Seattle City Council Member Kshama Sawant and activist organizations are regrouping after a head tax on Amazon and other large corporations was repealed in May.
All nine Seattle City Council members voted unanimously in favor of enacting a head tax of $275 on all full-time employees from the city’s highest grossing corporations. The tax would have funded an average of $47 million annually for affordable housing and homeless services.
Shortly after it passed the city council, Amazon, Starbucks, and other Seattle corporations heavily funded a “No Tax on Jobs” campaign to repeal the tax, which included hiring canvassers to collect signatures for a ballot referendum in November. Amazon and Starbucks donated $25,000 to the campaign.
The campaign by corporations led the Seattle City Council to swiftly repeal the tax in a 7-2 vote on June 12.
“There’s no sugar-coating it. We lost,” said Katie Wilson, general secretary of the Seattle Transit Riders Union. “There is simply no acceptable solution but for big businesses and the wealthy to start chipping in. They can’t avoid this social responsibility forever, and we’ll keep working to make sure that day of reckoning comes sooner rather than later.”
Amazon has a history of paying petition canvassers to gather signatures in favor of policies that benefit their business.
In 2011, the Los Angeles Times reported Amazon paid petition workers to collect signatures in front of retail store competitors to overturn a law that stipulated Amazon must charge state sales taxes on its products. Amazon ultimately settled with California legislators to delay collecting sales tax for a year.
Despite Amazon’s opposition to paying taxes, it has immensely benefited from taxpayer subsidies.
A study published by the Economic Policy Institute in February 2018 found “by the end of 2016, Amazon had likely received over $1 billion in state and local subsidies for its facilities.” Contrary to the perceived economic benefits of Amazon’s fulfillment centers, the study also found the opening of new fulfillment centers did not improve local employment rates or wages.
The latest overturning of a historic progressive tax on Amazon and other corporations is indicative of how politically powerful Amazon has become.
“What happened was Amazon snapped its fingers, issued threats, and the highest legislative body in this city came to its knees,” Seattle City Council Member Kshama Sawant said. “What we saw was the entire Democratic establishment, including well-meaning progressive democratic politicians, completely cave to big business and really expose the political strategy of the Democratic Party.”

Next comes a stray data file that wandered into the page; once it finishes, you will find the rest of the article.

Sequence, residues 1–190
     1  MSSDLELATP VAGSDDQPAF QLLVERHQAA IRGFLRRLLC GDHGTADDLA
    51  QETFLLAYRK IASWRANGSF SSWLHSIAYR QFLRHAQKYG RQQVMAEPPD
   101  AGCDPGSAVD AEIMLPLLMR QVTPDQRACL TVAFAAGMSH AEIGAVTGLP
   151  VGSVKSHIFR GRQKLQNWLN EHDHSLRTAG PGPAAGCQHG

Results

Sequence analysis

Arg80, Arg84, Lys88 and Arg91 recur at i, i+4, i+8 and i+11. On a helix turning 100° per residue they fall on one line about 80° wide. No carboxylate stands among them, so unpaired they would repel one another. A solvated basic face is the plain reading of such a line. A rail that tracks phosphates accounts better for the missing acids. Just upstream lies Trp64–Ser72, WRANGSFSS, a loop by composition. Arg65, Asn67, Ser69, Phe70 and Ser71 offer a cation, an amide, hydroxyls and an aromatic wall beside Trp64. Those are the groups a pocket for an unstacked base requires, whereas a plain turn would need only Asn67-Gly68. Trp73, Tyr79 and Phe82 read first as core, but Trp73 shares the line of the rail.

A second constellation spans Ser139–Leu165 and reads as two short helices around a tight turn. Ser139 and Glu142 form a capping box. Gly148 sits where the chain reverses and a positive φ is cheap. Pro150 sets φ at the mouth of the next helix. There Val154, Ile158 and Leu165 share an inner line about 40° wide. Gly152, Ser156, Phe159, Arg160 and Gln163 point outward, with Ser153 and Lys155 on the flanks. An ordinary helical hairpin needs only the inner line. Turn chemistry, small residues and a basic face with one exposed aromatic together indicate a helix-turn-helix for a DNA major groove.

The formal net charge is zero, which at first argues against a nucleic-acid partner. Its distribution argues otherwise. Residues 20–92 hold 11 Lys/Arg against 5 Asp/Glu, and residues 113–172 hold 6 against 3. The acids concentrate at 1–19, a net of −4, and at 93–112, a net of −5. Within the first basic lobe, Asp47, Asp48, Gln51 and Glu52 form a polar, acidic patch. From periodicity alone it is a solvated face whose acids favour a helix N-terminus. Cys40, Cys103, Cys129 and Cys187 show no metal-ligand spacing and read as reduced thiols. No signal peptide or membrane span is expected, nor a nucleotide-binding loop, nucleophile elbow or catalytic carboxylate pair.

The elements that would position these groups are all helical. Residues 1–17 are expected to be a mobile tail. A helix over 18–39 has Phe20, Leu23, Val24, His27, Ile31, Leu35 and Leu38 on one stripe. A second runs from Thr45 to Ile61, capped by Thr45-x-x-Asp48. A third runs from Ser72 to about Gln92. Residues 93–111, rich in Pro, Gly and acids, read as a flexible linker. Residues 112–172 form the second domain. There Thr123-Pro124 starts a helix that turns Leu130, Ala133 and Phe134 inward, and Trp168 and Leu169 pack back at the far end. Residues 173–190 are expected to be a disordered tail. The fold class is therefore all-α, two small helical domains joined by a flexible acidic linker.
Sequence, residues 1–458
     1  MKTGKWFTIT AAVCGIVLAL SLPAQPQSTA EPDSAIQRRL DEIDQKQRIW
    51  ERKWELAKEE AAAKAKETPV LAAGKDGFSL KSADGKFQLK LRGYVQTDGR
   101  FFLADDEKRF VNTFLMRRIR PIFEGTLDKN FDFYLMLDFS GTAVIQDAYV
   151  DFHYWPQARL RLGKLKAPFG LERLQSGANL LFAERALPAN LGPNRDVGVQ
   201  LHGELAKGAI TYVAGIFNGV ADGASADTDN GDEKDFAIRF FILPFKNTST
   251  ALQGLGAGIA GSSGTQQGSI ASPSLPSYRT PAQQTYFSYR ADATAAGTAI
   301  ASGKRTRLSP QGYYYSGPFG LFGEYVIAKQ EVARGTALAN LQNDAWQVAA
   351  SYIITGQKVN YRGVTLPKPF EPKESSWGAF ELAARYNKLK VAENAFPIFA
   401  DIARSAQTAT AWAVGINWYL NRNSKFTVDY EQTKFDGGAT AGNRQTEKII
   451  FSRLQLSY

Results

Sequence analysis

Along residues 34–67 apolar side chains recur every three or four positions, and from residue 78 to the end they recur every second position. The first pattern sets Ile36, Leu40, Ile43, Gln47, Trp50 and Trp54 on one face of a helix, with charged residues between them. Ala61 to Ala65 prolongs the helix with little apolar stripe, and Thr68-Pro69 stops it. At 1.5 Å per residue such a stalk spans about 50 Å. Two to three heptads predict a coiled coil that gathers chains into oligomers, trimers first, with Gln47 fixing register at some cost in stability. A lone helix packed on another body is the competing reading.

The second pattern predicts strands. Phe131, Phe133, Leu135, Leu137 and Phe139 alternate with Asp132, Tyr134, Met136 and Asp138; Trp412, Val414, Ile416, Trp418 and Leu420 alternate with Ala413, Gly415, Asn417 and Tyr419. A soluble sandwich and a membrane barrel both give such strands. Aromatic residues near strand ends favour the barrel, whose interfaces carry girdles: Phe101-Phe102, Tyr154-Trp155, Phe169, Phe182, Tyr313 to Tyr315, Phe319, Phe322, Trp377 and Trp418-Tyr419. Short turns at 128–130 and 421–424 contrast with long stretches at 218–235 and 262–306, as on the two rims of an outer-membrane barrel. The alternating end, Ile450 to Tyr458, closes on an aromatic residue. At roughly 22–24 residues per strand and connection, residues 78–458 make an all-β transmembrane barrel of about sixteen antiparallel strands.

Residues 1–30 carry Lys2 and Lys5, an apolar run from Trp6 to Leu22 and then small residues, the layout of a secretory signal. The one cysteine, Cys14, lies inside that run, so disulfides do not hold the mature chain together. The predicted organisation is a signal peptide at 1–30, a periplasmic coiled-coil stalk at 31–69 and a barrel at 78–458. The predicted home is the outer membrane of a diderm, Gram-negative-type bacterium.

According to Sawant, that Democratic Party strategy is only trying to change or win policies where big business, billionaires like Jeff Bezos and corporate politicians, are also in support.
“What is acceptable to the ruling class is as far as the Democratic Party is willing to go,” Sawant added. “And so when big business, as it did in this case, fights ferociously against even a modest tax on themselves so we can fund solutions for the affordable housing crisis in our city, the Democrats have zero strategies to face that.”
Sawant’s office was notified of her fellow city council members’ effort to repeal the tax on June 11, a day before public comments were held, and the council scheduled the repeal for a vote.
A week prior, the rest of the city council participated in private meetings on overturning the tax.
Recently, a lawsuit was filed alleging the Seattle City Council and Mayor’s Office violated the Open Meetings Act by privately meeting on the tax before publicly announcing their intent to repeal it. The Seattle Mayor’s Office denied the allegations.
Though the Seattle City Council successfully repealed the head tax, no replacement or alternatives were offered to solve the affordable housing and homeless crisis in Seattle. The lack of a replacement inspired Council Member Teresa Mosqueda to join Sawant in voting against repeal.
In the upcoming public meeting organized by Sawant and proponents of the head tax, activists will discuss strategies to ensure the city council and mayor’s office come up with progressive revenues to address homelessness and fund affordable housing.
The high rate of homelessness in Seattle is largely connected to the city’s high rents and lack of affordable housing.
In January 2017, the Washington Department of Commerce reported that a $100 increase in median rent directly correlated with an increase in homelessness, anywhere between six to thirty-two percent nationwide.
The National Low Income Housing Coalition’s “Out of Reach” report published on June 13 found an individual needs to make over $61,000 annually to afford a modest one-bedroom apartment in Seattle.
Apartment Listing, a rental listing site, published a report in November 2017, which found 46.8 percent of renters in the Seattle Metropolitan area pay more than 30 percent of their income on rent.
Seattle is ranked the fifth most expensive city in the United States for renters based on U.S. Census data from 2016.
“It’s a lesson in class struggle,” Sawant concluded. “When we take on the billionaire class, this is what it looks like.”
“We will have to build our movements in such a deterring way that there is no room for softness like ‘oh maybe if we talk to Jeff Bezos he will agree with us.’ No. He will fight you tooth and nail to the very end. It’s important for us to wise up to this nature of class struggle.”
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